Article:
Get a steady stream of content flowing from internal producers with these 10 tricks. 

If you’re like most marketing managers at small- to medium-sized B2B firms, you’re expected to deliver a constant stream of quality content on a shoestring budget.

That often means you must rely on internal subject matter experts to produce your content. Internal people whose top priorities don’t always match yours. Who are not writers. And who don’t always come through, despite their best intentions.

When I worked in corporate communications for an electric utility, I edited several publications. Even though I wrote a lot of the articles myself, I couldn’t do it all. I had to rely on staffers. In the process, I learned a few tricks to get people to contribute quality content on time.

Here are 10 ways to get internal content producers to deliver:

  1. Clarify the assignment. Don’t assume your writer can wing it. Put the assignment in writing. Use a creative or editorial brief to define the audience, objectives, messages and deadline in the same way you’d assign the project to a freelancer. You can go as far as providing an outline to get them started. Also consider meeting in person or over the phone to go over the assignment and answer their questions.
  2. Calm their fears. I have a friend who says she’d rather do anything else but write. While your staffers may not suffer from scriptophobia, the prospect of writing blog posts that get published to the world at large can seem daunting to people more accustomed to writing internal emails, memos and reports. Some staffers may procrastinate because they feel they have to produce a masterpiece. Let them know you care more about their ideas than their prose.
  3. Prevent the Shakespeare effect. On the other hand, some staffers may fancy themselves budding authors. Personally, I’d rather work with people who don’t think of themselves as good writers. They’re more likely to submit to editing. For your less-humble contributors, be clear about things like word count, audience persona, and audience reading level. And emphasize that their submission will be subject to editing.
  4. Trick them (sort of) into thinking they’re not writing. Framing the assignment in simple terms can work wonders. For amateurs, it feels a lot more doable to “jot a few ideas down on a topic” than to compose a blog post.
  5. Give them options. People learn differently. And they write differently. I often tell contributors not to worry about putting their ideas into a formal structure. It’s a lot easier, for example, to write a series of bullet points. Hell, I’d take a bunch of ideas scribbled on the back of an envelope or dictated onto a sound file as long as the substance of the thoughts was solid. Again, as long as you have good raw content to start with, you can always add the lead, body, transitions and conclusion later.
  6. Make it a Q&A. A great way to elicit content from sources without them having to formally write something is to use a question-and-answer structure. Often, I will draft the questions in an email to the source. This allows them to write the content as a series of responses to your questions. As with the bulleted list, you can corral their responses into a readable format.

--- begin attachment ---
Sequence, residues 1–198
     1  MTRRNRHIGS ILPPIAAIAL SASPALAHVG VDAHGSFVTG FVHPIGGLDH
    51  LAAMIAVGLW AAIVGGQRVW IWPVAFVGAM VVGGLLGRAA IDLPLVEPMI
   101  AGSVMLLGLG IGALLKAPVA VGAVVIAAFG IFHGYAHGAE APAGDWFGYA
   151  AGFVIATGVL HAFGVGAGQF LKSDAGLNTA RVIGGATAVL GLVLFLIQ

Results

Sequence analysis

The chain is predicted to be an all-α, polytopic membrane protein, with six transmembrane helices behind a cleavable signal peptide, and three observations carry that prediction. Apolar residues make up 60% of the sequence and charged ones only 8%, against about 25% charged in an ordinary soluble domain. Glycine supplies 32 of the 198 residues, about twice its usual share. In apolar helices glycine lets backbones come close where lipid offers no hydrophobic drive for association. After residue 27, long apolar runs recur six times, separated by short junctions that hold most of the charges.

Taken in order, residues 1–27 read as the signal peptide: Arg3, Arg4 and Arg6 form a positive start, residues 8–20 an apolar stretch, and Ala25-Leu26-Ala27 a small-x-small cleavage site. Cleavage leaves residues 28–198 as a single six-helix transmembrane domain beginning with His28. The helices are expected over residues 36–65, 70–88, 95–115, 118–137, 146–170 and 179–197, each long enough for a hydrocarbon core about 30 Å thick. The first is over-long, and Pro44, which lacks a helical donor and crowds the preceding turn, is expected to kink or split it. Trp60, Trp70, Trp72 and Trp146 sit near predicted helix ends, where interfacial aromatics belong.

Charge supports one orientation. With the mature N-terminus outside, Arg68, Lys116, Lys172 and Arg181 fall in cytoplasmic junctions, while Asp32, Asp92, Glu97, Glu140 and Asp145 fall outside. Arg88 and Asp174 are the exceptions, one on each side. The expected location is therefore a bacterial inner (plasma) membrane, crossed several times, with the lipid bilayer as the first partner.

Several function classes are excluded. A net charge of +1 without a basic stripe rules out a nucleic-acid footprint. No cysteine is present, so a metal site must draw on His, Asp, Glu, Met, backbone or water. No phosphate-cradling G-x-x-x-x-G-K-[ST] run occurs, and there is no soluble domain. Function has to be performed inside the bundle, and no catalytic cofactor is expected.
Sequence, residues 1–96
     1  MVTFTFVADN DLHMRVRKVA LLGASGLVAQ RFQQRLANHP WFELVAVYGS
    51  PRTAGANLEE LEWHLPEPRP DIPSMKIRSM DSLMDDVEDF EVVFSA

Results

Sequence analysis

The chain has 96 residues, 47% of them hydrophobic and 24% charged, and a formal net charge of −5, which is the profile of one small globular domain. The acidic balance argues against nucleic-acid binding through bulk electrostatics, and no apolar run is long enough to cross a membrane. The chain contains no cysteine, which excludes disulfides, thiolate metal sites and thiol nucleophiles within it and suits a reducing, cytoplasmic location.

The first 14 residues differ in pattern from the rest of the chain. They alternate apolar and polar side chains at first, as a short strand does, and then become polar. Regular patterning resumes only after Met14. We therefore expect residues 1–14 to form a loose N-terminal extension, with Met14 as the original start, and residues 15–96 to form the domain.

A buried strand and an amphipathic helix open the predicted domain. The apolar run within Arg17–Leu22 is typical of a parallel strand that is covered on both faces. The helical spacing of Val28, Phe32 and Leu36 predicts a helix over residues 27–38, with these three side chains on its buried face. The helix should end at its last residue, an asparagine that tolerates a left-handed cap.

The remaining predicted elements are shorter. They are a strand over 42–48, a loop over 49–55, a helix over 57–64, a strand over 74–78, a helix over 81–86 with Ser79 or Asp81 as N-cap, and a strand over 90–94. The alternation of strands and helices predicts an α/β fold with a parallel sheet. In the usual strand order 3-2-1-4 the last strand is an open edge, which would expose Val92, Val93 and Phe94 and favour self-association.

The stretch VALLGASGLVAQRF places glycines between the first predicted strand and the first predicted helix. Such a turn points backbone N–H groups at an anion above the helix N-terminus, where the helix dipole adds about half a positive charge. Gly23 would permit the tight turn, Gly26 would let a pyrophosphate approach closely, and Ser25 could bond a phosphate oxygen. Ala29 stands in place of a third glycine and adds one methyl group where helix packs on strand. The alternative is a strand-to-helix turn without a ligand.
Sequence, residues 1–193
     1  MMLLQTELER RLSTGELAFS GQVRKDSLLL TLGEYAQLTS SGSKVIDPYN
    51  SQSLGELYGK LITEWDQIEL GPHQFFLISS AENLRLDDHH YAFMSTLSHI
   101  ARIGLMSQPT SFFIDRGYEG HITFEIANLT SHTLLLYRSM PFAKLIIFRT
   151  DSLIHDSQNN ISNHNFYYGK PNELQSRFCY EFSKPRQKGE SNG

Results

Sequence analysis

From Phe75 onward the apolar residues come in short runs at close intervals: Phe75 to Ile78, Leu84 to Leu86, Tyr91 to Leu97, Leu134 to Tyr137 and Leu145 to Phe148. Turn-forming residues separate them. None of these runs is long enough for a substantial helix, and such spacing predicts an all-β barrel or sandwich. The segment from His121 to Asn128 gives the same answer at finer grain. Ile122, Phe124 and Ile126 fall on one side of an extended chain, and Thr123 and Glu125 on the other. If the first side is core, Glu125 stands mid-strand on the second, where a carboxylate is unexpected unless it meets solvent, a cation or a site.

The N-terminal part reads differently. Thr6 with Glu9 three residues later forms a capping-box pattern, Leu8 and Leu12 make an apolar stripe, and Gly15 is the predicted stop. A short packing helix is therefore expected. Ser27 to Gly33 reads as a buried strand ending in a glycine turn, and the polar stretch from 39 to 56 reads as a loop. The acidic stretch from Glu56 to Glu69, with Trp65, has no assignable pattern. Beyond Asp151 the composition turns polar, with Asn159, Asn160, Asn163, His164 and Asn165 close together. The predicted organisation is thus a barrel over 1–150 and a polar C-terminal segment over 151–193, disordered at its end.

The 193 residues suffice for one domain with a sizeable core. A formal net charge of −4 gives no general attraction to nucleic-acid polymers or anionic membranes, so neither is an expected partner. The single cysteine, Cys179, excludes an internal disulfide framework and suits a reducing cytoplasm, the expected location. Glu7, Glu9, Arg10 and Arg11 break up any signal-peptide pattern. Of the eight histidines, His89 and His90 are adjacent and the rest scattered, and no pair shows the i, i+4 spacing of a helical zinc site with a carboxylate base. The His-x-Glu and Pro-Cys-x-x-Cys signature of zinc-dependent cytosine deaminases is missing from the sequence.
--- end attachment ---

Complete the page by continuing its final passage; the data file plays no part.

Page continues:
7. Involve them. If you want to cultivate regular contributors to your content, create an editorial committee and invite key producers to join. Staffers will feel a greater sense of ownership and engagement in the content marketing program. They’ll also feel greater responsibility to produce quality content on time.
  8. Reward them. Even if contributing content is a part of the job, people still crave recognition for their efforts. For folks who’ve never seen their name in print (or on screen), a byline can be a powerful incentive to write. Thank your writers with anything from a simple email to a certificate, a mention in the internal employee newsletter, or all the way to an annual contributor lunch. And make sure their bosses know how much you appreciate their efforts.
  9. Check in periodically. Don’t wait until the deadline to learn that your contributor is behind schedule. Create a series of milestones such as an outline, first draft and final draft. Set up auto-reminders based on your production schedule and check in with your writer.
  10. Leave the editing to the professionals. As mentioned above, the contributor’s job is at least to provide the raw content. Many newbie writers spin their wheels trying to organize a coherent structure and writing the more sophisticated elements such as leads and transitions. Your job is to polish the rough stone into a shining jewel. Don’t have the time or skills to do the editing yourself? Hire an editor. It’s still cheaper than hiring a freelance writer to work from scratch.

It takes a little more effort to shepherd a flock of amateur writers. But if you don’t have the luxury—or budget—to hire freelance content marketing writers, spending that extra time will make a big difference in quality and timeliness.

What other tricks do you use to get great content from your staff? Share your ideas!